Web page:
Titli is a solid directorial debut but it could have been so much more, feels Raja Sen.
There's a world of difference between red and maroon.
You might not expect him to know that distinction, but Vikram does.
A security guard at a mall who moonlights as a carjacker, Vikram is furious at that very fact: that you think he doesn’t know better.
In one of the finest performances I’ve seen this year, Ranvir Shorey is spectacular as the elder brother in Kanu Behl’s Titli, the story of a dysfunctional family of bottom-dwellers. It is a performance of rage and nuance, of unexpected tenderness and misplaced nobility, and bloodthirsty cynicism. Shorey nails it, and it’s hard to take your eyes off Vikram.
Behl’s film, however, is not about Vikram.
It is about the youngest of three brothers, Titli, a kid scrounging up to buy a parking-space in a shopping mall, looking to some kind of future away from the hellhole where he lives.
As setups go, it’s super, and Behl -- shooting on 16mm film -- gives us a sparsely coloured, visually impoverished movie.
Behl has the look right and his ensemble is impressive, but the film itself suffers from too much navel-gazing. Too much time is devoted to purposely phlegmatic meditations and too little on fleshing out actual characters, showing us how they tick.
We are pointed to characters and their contradictions but -- save for Shorey’s Vikram and Shivani Raghuvanshi’s fabulously acted Neelu -- they are not explored beyond their helplessness. There is no acuteness; all we really know about them is that they are all miserable. And the narrative, almost sadistically, impels us to suffer along with them.
For a film that takes pains to looks realistic, it hinges on too feeble a plot, a raise-money-in-limited-time wheeze that could have been done in many ways, like in Lock, Stock And Two Smoking Barrels fashion or, given producer Dibakar Banerjee’s work, like in his resoundingly magical Khosla Ka Ghosla.
Titli does very boldly to eschew both comedy and style for a more arid approach, but the narrative rationale is flimsy: What, for instance, is happening to the money from all the carjacked cars?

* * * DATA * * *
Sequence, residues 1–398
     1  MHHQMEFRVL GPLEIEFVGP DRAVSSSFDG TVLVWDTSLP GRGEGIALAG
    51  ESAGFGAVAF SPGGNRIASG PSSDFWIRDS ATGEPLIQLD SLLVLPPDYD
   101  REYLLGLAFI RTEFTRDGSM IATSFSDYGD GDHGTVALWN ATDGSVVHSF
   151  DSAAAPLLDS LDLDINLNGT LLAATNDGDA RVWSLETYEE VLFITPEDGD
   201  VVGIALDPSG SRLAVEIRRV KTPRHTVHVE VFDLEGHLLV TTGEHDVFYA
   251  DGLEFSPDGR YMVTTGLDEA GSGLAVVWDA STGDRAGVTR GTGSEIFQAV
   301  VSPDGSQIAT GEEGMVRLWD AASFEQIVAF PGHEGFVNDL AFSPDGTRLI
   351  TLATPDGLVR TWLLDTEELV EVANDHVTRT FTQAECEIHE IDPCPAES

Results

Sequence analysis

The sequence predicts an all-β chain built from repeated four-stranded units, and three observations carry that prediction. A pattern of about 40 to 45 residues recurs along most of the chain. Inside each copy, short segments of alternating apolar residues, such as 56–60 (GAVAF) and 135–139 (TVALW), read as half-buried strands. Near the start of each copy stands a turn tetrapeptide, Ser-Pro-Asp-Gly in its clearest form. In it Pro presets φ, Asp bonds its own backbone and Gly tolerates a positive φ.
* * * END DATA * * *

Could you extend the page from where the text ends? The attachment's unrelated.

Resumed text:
Shashank Arora, who plays Titli, does so with the right kind of world-weariness and has enough hunger and desperation in his eyes -- and, it must be said, on his frame -- but his Titliness isn’t given enough rein. He goes through the film wearing the same expression of bewildered blankness, and while that inert nothingness is becoming fashionably confused with top-notch acting in Hindi cinema these days, it doesn’t help flesh out the character. He does erupt for one moment of white-hot rage later in the film but it, appearing so abruptly, serves more to derail the film than anything else.
Arora isn’t a bad actor and wears his inscrutability consistently, but a film like this needs a preternatural talent tugging it along, someone meteoric and jawdropping, like a Gael Garcia Bernal maybe.
Or, in the absence of that, Shorey in the lead role. Now that would have been a helluva movie.
It’s a pity because this is a fine, thoughtfully crafted film.
Siddharth Dewan’s cinematography is voyeuristically intrusive, with some strikingly poignant compositions highlighting the film’s authentic art-direction.
There is a moment, for example, when Titli is on a horse, being led to his marriage. The horse looks as unwilling as Titli, as the green frame shows us the horse, Titli and the disinterested child made to sit in front of him on the saddle, passing in front of a storefront sign for Seth Medicos. In this world, even a baaraat is not allowed the grandeur of escape.
Yet despite these deft visual nuances -- the dotted bandaid-knockoff on Vikram’s hand, the bypass-surgery scar on Titli’s father’s chest, the way said father (Lalit Behl, the director’s own father) scoops his sabzi into the roti -- the film begins to feel indulgent as it keeps showing them off.
Pauses between conversation seem reasonable in isolation, and are well-written, but when stacked one atop another as they are in this film, they begin to feel tediously long.
Nihilism and bleakness lend themselves well to cinema, but there needs to be something compelling for the audience: Titli errs on the side of the comatose.
In its admirable refusal to steer clear of style -- or, indeed, obvious entertainment tropes -- it is often too bland and, by the end, too long.
Fleabitten characters aren’t the problem at all; just last year, Anurag Kashyap’s Ugly was made up of even more unsavoury characters, but it was impossible to look away from the screen.
Titli offers up dry nakedness as if that is enough to impress.
In many a scene it is -- and, don’t get me wrong, this is a stirringly solid directorial debut -- but in many a scene it feels too intentionally underdone.
There is a scene, for example, where an arm is broken. It is a strongly scripted moment but, while intending to shock us, the film looks away too easily. It starts off with searing intensity, hits peak when there is an alarmingly casual plea to stop the breaking, and then peters off into not merely a tame hammer-wound but, alas, a scene that loses its momentum.
The actors work the scene sincerely but it could have been so much more.
Instead, Behl chooses not to look away when a character throws up in a sickeningly long scene, so long it feels gratuitous.
Because there’s a difference between showing the retching and the wretched.